Table of Contents for Columbus, OH Swallowtail Butterflies
Columbus, Ohio is the capital city of the state of Ohio in the United States. Situated in the center of the state, the Columbus area is within hardiness zone 6, and there are six species of swallowtail butterflies that you can host in your garden. Towards the end of the post, be sure to test your knowledge of Columbus, Ohio swallowtail butterflies.
Location of the Columbus, OH Metro Area
The Columbus, Ohio metro area covers ten counties in Ohio including Franklin, Delaware, Licking, Fairfield, Union, Pickaway, Madison, Perry, Morrow, and Hocking Counties. For the purposes of this post we will be covering the City of Columbus and Franklin County.
USDA Plant Hardiness Zones in Columbus, Ohio
Columbus, Ohio and Franklin County is located in zone 6a. When selecting plants you will want to get those that can handle temperatures as cold as -10F to be sure they will survive.
Pipevine Swallowtail (Battus philenor) and its host plants in Columbus, OH
Pipevine Swallowtail (Battus philenor)
The pipevine swallowtail flies throughout the United States, except for the Pacific Northwest. It has orange-brown eggs that are laid on the host plant. The black to brown to red caterpillar with orange markings comes out in the spring. They then overwinter as a pupa (Monroe and Wright 2017). In the spring and into the summer the adult butterflies start to fly. They have a wingspan of 2.5 inches (6.4 cm) to 5 inches (12.7 cm) inches and are black colored with white markings.
Plants that Host the Pipevine Swallowtail
The Pipevine Swallowtail is generally hosted by members of the birthwort family (Aristolochiaceae). In the Columbus, OH area these include:
- Wild Ginger (Asarum canadense): a herbaceous plant.
- Virginia Snakeroot (Endodeca serpentaria): a herbaceous plant. This plant is also known commonly as Aristolochia serpentaria.
Giant Swallowtail (Papilo cresphontes) and its host plants in Columbus, OH
Giant Swallowtail (Papilio cresphontes)
The giant swallowtail flies throughout the United States and southeast Canada, except for the northwest. Beyond North America it ranges into Central America and the Caribbean Islands. It is the largest butterfly in North America (Wikipedia). It has brownish-orange eggs that are laid on the host plants. The caterpillars have five stages or instars before pupating, which takes about two weeks. The adult butterflies have a wingspans ranging from about 5.5 inches (14 cm) to 7.5 inches (19.1 cm) and are black and yellow colored.
Plants that Host the Giant Swallowtail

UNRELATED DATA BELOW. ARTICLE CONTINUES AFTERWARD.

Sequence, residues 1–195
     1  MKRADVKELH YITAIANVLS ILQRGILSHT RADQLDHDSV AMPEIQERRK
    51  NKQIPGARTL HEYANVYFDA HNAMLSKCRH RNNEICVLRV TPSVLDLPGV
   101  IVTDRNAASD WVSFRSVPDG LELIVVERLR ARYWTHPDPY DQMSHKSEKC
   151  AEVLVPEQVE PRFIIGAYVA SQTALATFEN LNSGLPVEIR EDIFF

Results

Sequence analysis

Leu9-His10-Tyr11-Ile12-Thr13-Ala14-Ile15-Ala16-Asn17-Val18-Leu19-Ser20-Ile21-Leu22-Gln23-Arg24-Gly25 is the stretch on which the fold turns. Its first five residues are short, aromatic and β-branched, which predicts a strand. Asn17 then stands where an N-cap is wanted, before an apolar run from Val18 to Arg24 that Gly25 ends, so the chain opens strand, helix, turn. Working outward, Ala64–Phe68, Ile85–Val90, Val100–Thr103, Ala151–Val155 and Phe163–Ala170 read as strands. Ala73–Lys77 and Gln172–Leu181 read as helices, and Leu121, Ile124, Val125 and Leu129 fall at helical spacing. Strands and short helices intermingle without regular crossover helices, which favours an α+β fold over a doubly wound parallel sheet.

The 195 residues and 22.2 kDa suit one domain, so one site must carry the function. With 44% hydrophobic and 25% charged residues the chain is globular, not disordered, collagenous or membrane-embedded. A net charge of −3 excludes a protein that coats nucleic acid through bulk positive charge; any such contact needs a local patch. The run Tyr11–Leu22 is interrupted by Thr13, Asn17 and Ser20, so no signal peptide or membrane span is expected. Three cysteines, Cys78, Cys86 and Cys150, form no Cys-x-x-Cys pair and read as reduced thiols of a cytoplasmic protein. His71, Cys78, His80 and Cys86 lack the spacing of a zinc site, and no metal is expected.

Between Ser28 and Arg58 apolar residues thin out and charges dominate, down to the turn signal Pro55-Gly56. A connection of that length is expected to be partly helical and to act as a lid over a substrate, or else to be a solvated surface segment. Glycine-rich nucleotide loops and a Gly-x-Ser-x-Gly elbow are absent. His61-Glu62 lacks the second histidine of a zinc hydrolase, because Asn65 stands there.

The giant swallowtail is hosted by members of the Rutaceae, of which there are three primary plants in the Columbus area. These include:
- Toothache tree (Zanthoxylum americanum) — a small to medium sized tree
- Common Hoptree (Ptelea trifoliata) — a rare small tree in Pennsylvania
Black Swallowtail (Papilio polyxenes) and its host plants in Columbus, OH
Black Swallowtail (Papilio polyxenes)
The black swallowtail flies in most of the United States, except for the Northwest. The yellow eggs are laid on the host plants and take about a week to hatch. The caterpillars are at first black colored but later have green, black, and yellow coloring and last from a week to a month. The butterflies then survive the winter as a chrysalis.
The adults have a wingspan of 2.5 (6.4 cm) to 3.5 inches (8.9 cm) and are black colored with yellow spots along the wings and a red eyepsot near the tail on the top. The underside has orange spots.
Plants that Host the Black Swallowtail
The black swallowtail is a generalist and uses members of the carrot family (Apiaceae) as host plants. Some examples of carrot family members in Columbus include:
- Purple-stem Angelica (Angelica atropurpurea): a herbaceous plant
- Hairy Angelica (Angelica venenosa): a herbacous plant
- Spreading Chervil (Chaerophyllum procumbens): a herbaceous plant
- Spotted Water-Hemlock (Cicuta maculata): a herbaceous plant
- Hairy Sweet Cicely (Osmorhiza claytonii): a herbaceous plant
- Aniseroot (Osmorhiza longistylis): a herbaceous plant
- Wild Parsnip (Pastinaca sativa): a herbaceous plant
- Black Snakeroot (Sanicula trifoliata): a herbaceous plant
- Heart-leaf Alexander (Zizia aptera): a herbaceous plant
- Golden Alexanders (Zizia aurea): a herbaceous plant
Eastern Tiger Swallowtail (Papilio glaucus) and its host plants in Columbus, OH
Eastern Tiger Swallowtail (Papilio glaucus)
The Eastern Tiger swallowtail flies in the mid-western and eastern United States from the Rocky Mountains and east. In the Eastern US it is likely one of the most distinctive swallowtails. The light green eggs are laid on the host plants. The caterpillar has five stages; with the first three a brown color and the last two as a green color. The brown chrysalis is placed in on trunks or on fallen leaves.
The adults have a wingspan of 3 inches (7.6 cm) to 5.5 inches (14 cm) and have two color schemes. The yellow and black is the most distinctive, but the females also have a dark black phase that mimics the pipevine swallowtail (see image). Generally there are two broods in Pennsylvania (Monroe and Wright 2017) and the same is probably true in Ohio.
Plants that Host the Eastern Tiger Swallowtail
The eastern tiger swallowtail is a generalist and uses members of a number of genera as host plants. Some species in Columbus area include:
Spicebush Swallowtail (Papilo troilus) and its host plants in Columbus, OH
Spicebush Swallowtail (Papilio troilus)